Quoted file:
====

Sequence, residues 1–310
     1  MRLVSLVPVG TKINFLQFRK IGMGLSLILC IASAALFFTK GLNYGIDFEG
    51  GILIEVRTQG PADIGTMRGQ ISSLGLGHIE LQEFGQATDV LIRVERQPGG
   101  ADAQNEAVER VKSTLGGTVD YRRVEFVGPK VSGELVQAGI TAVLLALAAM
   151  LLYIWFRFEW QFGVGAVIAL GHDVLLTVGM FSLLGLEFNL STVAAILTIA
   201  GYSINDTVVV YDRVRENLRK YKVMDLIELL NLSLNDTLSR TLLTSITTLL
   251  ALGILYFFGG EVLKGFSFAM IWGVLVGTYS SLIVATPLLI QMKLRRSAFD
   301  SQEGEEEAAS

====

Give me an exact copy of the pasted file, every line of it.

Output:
Sequence, residues 1–310
     1  MRLVSLVPVG TKINFLQFRK IGMGLSLILC IASAALFFTK GLNYGIDFEG
    51  GILIEVRTQG PADIGTMRGQ ISSLGLGHIE LQEFGQATDV LIRVERQPGG
   101  ADAQNEAVER VKSTLGGTVD YRRVEFVGPK VSGELVQAGI TAVLLALAAM
   151  LLYIWFRFEW QFGVGAVIAL GHDVLLTVGM FSLLGLEFNL STVAAILTIA
   201  GYSINDTVVV YDRVRENLRK YKVMDLIELL NLSLNDTLSR TLLTSITTLL
   251  ALGILYFFGG EVLKGFSFAM IWGVLVGTYS SLIVATPLLI QMKLRRSAFD
   301  SQEGEEEAAS